David Bowie – “Starman” Lyrics Meaning

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Written By Joanna Landrum

Joanna holds a BSc in English Literature and uses her expertise in literary analysis to uncover the deeper meaning of her favorite songs.

In “Starman”, David Bowie spins a tale of cosmic wonder, introducing us to an extraterrestrial figure waiting just beyond our atmosphere. This celestial being, a “Starman”, seems to bear a message of hope and unity for mankind. A beacon for the youth, he calls out to them, urging them to let go, embrace the music, and just “boogie”. Bowie, ever the masterful storyteller, presents a song steeped in 70s zeitgeist: an era of deep fascination with outer space and the vast, uncharted frontiers of the universe.

Wondering what else Bowie had in mind with this mesmerizing track? Let’s get lost in the cosmos together, shall we?

“Starman” Lyrics Meaning

Kicking off with a subdued ambiance, the song paints a picture of an individual relaxing, lost in the reverie of radio tunes. Suddenly, the familiar strains of rock ‘n’ roll morph into something more – a “hazy cosmic jive”. The transition isn’t just musical; it signifies a cosmic intervention, where terrestrial meets extraterrestrial.

When the “Starman” makes his presence known, Bowie presents him not as a threatening entity but as a guardian. He’s out there, watching, wanting to connect, but fears his presence might be too overwhelming, too awe-inspiring. The repeated line, “He’d like to come and meet us, But he thinks he’d blow our minds”, encapsulates this sentiment perfectly.

The Starman’s message, however, is crystal clear. He’s a harbinger of change and progress, especially for the young. “Let the children lose it, Let the children use it, Let all the children boogie” isn’t just a call for dance, but an invitation to embrace change, let go of societal constraints, and indulge in pure, unbridled expression.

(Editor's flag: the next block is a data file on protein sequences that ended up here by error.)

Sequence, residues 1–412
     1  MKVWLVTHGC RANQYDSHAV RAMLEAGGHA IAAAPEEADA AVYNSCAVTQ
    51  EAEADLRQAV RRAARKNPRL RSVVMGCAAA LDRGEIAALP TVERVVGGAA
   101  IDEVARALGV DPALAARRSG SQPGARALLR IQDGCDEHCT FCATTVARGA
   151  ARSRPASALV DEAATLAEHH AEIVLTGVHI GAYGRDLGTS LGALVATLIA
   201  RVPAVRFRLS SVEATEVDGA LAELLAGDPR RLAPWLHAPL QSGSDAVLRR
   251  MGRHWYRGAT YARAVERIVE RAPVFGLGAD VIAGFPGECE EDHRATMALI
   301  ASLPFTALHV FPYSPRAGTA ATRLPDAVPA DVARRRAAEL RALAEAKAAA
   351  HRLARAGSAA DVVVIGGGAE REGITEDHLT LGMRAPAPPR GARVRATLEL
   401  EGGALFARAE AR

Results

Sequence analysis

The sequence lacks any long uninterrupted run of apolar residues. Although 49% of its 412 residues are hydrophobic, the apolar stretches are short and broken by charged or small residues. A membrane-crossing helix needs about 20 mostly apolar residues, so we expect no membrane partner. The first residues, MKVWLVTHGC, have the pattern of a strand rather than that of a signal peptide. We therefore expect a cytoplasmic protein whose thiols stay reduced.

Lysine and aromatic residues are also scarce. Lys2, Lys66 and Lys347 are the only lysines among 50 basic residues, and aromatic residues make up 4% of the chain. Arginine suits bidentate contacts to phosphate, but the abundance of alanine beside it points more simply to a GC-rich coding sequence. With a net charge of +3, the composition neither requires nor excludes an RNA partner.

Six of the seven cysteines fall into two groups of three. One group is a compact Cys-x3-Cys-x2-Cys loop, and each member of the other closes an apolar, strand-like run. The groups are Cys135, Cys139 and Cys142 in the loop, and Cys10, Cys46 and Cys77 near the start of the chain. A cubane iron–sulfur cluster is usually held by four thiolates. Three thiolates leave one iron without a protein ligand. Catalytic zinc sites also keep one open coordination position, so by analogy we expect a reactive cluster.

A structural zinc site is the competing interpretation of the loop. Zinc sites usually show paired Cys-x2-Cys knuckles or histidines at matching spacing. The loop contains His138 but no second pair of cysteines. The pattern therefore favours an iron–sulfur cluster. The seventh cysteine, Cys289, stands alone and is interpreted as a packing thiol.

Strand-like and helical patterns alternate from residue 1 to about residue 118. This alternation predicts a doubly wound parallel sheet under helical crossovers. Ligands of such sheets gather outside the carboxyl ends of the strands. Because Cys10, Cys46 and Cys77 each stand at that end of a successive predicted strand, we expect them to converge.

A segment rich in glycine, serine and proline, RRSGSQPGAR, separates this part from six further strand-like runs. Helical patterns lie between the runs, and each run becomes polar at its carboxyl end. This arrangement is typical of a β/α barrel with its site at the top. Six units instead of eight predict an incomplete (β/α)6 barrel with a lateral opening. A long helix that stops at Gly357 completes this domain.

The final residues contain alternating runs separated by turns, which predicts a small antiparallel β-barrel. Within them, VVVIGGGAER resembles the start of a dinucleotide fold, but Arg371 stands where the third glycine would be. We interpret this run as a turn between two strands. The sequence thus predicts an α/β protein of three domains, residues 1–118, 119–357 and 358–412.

The verse about phoning someone and the light that can be seen from a window hints at a collective experience, suggesting that this cosmic encounter isn’t isolated but shared among many. The advice to not inform “your poppa” hints at a generational gap, emphasizing that older generations might not understand or appreciate this message.

The Story Behind “Starman”

David Bowie, throughout his illustrious career, displayed an ever-evolving artistic persona. By the time “Starman” graced the airwaves in 1972, Bowie had already introduced the world to his androgynous alter ego, Ziggy Stardust. This character, a rock star turned intergalactic messenger, was the centerpiece of his concept album, “The Rise and Fall of Ziggy Stardust and the Spiders from Mars.”

“Starman” was an integral chapter in the narrative of Ziggy Stardust. At this juncture in his life, Bowie was heavily influenced by the idea of space, the unknown, and the potential for life beyond Earth. The early 70s was also a time when the world was still reveling in the recent moon landing, and space was very much in the public consciousness.

Moreover, “Starman” was penned in a period when Bowie was exploring his identity, both in terms of music and gender. Ziggy Stardust was his avenue to challenge societal norms, embrace androgyny, and push boundaries. The song wasn’t just about an alien figure; it represented a break from tradition, a beacon of hope for those who felt different or marginalized.

Bowie’s genius lay in his ability to take personal introspection and broad cultural trends, weaving them into timeless music. With “Starman,” he achieved just that, crafting a song that resonated personally and universally.